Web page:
Sket Dance – 30

First half: Himeko is initially annoyed by Bossun and Switch’s mutual obsession with capsule toys depicting characters from half-baked hero shows, but is soon ensnared herself in the maddening struggle to “collect ’em all”. Second half: Momoka’s former gang comes to the Sket-dan to report a troubling development: Momoka’s many moe voice-acting roles have transformed her into a moe character called “Momotan”, whose verbal ticks and slang render her both sickeningly cute and nearly impossible to understand. By thwarting a paparazzo eager to expose her delinquent past, Himeko dispatches him, firing Momoka up. On a talk show, she comes out of the delinquent closet and quits the voice-acting business. Her moxie nets her a fresh gig as a TV actor.

Like the made-up sports and board games of previous episodes, the first half was a nice commentary on the nature of completing a collection of useless junk. It’s not really about the having, but the getting here. Himeko dismisses the guys as acting like dumb kids, but the first cute character she lays eyes on has her sold on the idea. The first ones the machine spits out for her are totally unexpected and repulsive “Anthonys”, but the trio spend thousands of yen collecting everything, and trade with a very sweet lil’ kid to get the one they were missing, only to descend into “abject emptiness” upon returning to school. They got too caught up in the moment.

On to the second half, it’s a Momoka sketch. It actually makes sense that her character has changed, as we haven’t seen her in so long, combined with her need to become the cutesy characters she voices in order to be successful. Bossun is smitten, Switch is talking like she does, but Himeko doesn’t want Momoka true self cast aside – along with her friends – as the price of success, or as she said it “bury her past and replace it with sci-fi” (which sounds so cool we wanna try that as soon as we’re done typing this!) She’s unsavory; she has to be loud and proud. And lo and behold, doing so nets her a new, more fitting job that lets her be herself. Everybody wins…though she doesn’t gain a persona or a pair of shades…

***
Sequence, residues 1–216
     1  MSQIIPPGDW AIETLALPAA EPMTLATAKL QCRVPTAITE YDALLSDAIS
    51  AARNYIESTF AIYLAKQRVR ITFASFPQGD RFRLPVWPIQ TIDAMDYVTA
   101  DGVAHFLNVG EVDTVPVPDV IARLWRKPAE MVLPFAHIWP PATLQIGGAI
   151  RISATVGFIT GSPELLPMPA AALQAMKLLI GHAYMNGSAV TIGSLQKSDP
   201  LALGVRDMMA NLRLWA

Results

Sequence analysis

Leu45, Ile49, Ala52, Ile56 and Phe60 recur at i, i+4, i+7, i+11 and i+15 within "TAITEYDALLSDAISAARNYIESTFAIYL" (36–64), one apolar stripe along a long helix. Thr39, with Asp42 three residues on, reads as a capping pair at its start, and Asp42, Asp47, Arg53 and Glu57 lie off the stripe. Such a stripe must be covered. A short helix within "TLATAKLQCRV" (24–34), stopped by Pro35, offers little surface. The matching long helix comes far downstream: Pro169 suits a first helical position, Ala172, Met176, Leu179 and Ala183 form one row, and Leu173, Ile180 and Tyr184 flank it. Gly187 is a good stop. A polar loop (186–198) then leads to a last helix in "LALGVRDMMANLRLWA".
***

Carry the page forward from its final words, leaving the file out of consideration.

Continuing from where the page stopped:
Rating: 3.5

Persona 4: The Animation – 04

Chie and the guys’ search for Yukiko leads them to her other self. She is torn between two psyches: the girl like the bird she rescued and lovingly cared for, heir to an inn that is also her cage, waiting for a prince to come and rescue her, and the side that wants to break out of that cage and fly away, like her bird eventually had the courage to do. When Yukiko rejects her other self, she only makes matters worse, but as keep the shadows at bay, Chie confesses the jealousy she felt for her that kept her from seeing her problems. That everyone has a dark side, but one can only acknowledge it and move forward, which Yukiko does, gaining a persona in the process.

And so, the last member of the quartet graduates to persona-hood. The group may have gained strength after each received a persona, but the foes within got stronger too. After all, these are themselves they’re battling. It does no good to cover your ears and yell “la-La-LA-i’m-not-listening”; that’s a surefire way of letting the other self take over, and no one wants that, because frankly, they’re all bitches. But all they’re ever capable of telling is half-truths, as they’re only half of a whole themselves. Harmonious union is required if one wants themselves a persona. And not die.

This episode really taught us a lot about Yukiko (the second inn-heir this season) and her inner struggle. We like what we learned, too. We feel like we’d previously seen her through her “prince” Chie’s rose-tinted, somewhat envious lenses, because she’s more socially anxious than we’d thought, being more inclined to save an adorable baby bird than prattle on about irrelevant crap like most of her peers. Living seemingly only for the inn and family started to weigh upon her, and that birdy was always there as a kind of mirror to her predicament (btw, we’re also glad the birdy didn’t die, but just flew away ^_^).

Rating: 3.5